On Nov. 16, 1959, Truman Capote noticed a news item about four members of a Kansas farm family who were shotgunned to death. He telephoned William Shawn, editor of The New Yorker, wondering if Shawn would be interested in an article about the murders. Later in his life, Capote said that if he had known what would happen as a result of this impulse, he would not have stopped in Holcomb, Kan., but would have kept right on going “like a bat out of hell.”
At first Capote thought the story would be about how a rural community was dealing with the tragedy. “I don’t care one way or the other if you catch who did this,” he tells an agent from the Kansas Bureau of Investigation. Then two drifters, Perry Smith and Richard Hickock, are arrested and charged with the crime. As Capote gets to know them, he’s consumed by a story that would make him rich and famous, and destroy him. His “non-fiction novel,” In Cold Blood, became a best seller and inspired a movie, but Capote was emotionally devastated by the experience and it hastened his death.
Bennett Miller’s “Capote” is about that crucial period of less than six years in Capote’s life. As he talks to the killers, to law officers and to the neighbors of the murdered Clutter family, Capote’s project takes on depth and shape as the story of conflicting fates. But at the heart of his reporting is an irredeemable conflict: He wins the trust of the two convicted killers and essentially falls in love with Perry Smith, while needing them to die to supply an ending for his book. “If they win this appeal,” he tells his friend Harper Lee, “I may have a complete nervous breakdown.” After they are hanged on April 14, 1965, he tells Harper, “There wasn’t anything I could have done to save them.” She says: “Maybe, but the fact is you didn’t want to.”
“Capote” is a film of uncommon strength and insight, about a man whose great achievement requires the surrender of his self-respect. Philip Seymour Hoffman’s precise, uncanny performance as Capote doesn’t imitate the author so much as channel him, as a man whose peculiarities mask great intelligence and deep wounds.
As the story opens Capote is a well-known writer (of Breakfast at Tiffany’s, among others), a popular guest on talk shows, a man whose small stature, large ego and affectations of speech and appearance make him an outsider wherever he goes. Trying to win the confidence of a young girl in Kansas, he tells her: “Ever since I was a child, folks have thought they had me pegged, because of the way I am, the way I talk.” But he was able to enter a world far removed from Manhattan, and write a great book about ordinary Midwesterners and two pathetic, heartless killers. Could anyone be less like Truman Capote than Perry Smith? Yet they were both mistreated and passed around as children, had issues with distant and remote mothers, had secret fantasies. “It’s like Perry and I grew up in the same house, and one day he went out the back door and I went out the front,” he tells Harper Lee.
The film, written by Dan Futterman and based on the book the book Capote by Gerald Clarke, focuses on the way a writer works on a story and the story works on him. Capote wins the wary acceptance of Alvin Dewey, the agent assigned to the case. Over dinner in Alvin and Mary Dewey’s kitchen, he entertains them with stories about John Huston and Humprey Bogart. As he talks, he studies their house like an anthropologist. He convinces the local funeral director into letting him view the mutilated bodies of the Clutters. Later, Perry Smith will tell him he liked the father, Herb Clutter: “I thought he was a very nice, gentle man. I thought so right up until I slit his throat.”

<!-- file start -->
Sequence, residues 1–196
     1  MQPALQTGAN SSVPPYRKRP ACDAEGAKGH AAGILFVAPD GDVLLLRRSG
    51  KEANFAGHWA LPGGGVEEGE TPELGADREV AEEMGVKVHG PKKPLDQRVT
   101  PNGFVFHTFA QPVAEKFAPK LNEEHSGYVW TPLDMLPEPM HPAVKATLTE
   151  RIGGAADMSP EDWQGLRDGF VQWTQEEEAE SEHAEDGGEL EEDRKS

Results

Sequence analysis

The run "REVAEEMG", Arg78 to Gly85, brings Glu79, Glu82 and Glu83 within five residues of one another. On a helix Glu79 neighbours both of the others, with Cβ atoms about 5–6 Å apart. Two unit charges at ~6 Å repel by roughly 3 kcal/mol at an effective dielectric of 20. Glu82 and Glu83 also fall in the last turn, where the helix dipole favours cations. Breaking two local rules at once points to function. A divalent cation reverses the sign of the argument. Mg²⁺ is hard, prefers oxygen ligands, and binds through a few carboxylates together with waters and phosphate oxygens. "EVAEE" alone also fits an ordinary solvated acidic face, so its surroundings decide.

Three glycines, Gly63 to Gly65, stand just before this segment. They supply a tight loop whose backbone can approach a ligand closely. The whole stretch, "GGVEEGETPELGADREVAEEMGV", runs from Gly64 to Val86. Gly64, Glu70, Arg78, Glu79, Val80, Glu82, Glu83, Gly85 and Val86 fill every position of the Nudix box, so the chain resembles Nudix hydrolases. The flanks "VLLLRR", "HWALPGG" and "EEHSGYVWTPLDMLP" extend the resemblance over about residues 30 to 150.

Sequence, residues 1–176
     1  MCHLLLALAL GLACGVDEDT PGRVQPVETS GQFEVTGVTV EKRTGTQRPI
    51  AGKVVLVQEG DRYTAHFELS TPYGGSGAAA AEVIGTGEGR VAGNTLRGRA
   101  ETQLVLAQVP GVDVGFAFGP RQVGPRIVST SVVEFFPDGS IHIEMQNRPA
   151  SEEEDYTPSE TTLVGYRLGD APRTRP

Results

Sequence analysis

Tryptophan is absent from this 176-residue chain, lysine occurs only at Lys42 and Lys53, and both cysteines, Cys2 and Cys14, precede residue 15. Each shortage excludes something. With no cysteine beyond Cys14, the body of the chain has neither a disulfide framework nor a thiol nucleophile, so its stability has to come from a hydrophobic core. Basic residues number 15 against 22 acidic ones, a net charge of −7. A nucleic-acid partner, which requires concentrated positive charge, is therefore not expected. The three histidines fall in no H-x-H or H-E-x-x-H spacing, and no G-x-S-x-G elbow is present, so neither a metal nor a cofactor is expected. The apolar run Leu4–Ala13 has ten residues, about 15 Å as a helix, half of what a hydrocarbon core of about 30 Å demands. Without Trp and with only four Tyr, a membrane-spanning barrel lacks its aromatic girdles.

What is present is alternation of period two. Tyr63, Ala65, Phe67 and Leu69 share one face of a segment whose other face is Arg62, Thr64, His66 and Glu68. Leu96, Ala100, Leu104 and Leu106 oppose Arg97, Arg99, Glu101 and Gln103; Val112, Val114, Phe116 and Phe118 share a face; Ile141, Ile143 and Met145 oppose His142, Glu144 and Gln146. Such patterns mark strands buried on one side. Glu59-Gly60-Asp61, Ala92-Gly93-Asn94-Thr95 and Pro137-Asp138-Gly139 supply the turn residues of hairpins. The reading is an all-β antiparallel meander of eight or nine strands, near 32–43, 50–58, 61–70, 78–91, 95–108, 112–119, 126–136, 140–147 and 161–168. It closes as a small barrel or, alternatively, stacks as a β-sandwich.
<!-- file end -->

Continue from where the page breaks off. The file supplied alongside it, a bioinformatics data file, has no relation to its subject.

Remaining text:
On his trips to Kansas he takes along a southern friend from childhood, Harper Lee. So long does it take him to finish his book that Lee in the meantime has time to publish her famous novel To Kill a Mockingbird, sell it to the movies, and attend the world premiere with Gregory Peck. Lee is a practical, grounded woman who clearly sees that Truman cares for Smith and yet will exploit him for his book. “Do you hold him in esteem, Truman?” she asks, and he is defensive: “Well, he’s a gold mine.”
Perry Smith and Dick Hickock are played by Clifton Collins Jr. and Mark Pellegrino. Hickock is not developed as deeply as in Richard Brooks’ film “In Cold Blood¨ (1967), the emphasis this time is on Smith as a haunted, repressed man in constant pain, who chews aspirin by the handful and yet shelters a certain poetry; his drawings and journal move Capote, who sees him as a man who was born a victim and deserves, not forgiveness, but pity.
The other key characters are Capote’s lover, Jack Dunphy and his editor at the New Yorker, William Shawn. “Jack thinks I’m using Perry,” Truman tells Harper. “He also thinks I fell in love with him in Kansas.” Shawn thinks In Cold Blood, when it is finally written, is “going to change how people write.” He prints the entire book in his magazine.
The movie “In Cold Blood” had no speaking role for Capote, who in a sense stood behind the camera with the director. If “Capote” had simply flipped the coin and told the story of the Clutter murders from Capote’s point of view, it might have been a good movie, but what makes it so powerful is that it looks with merciless perception at Capote’s moral disintegration.
“If I leave here without understanding you,” Capote tells Perry Smith during one of many visits to his cell, “the world will see you as a monster. I don’t want that.” He is able to persuade Smith and Hickock to tell him what happened on the night of the murders. He learns heartbreaking details, such as that they “put a different pillow under the boy’s head just to shoot him.” Capote tells them he will support their appeals and help them find another lawyer. He betrays them. Smith eventually understands that, and accepts his fate. “Two weeks, and finito,” he tells Capote as his execution draws near. Another good line for the book.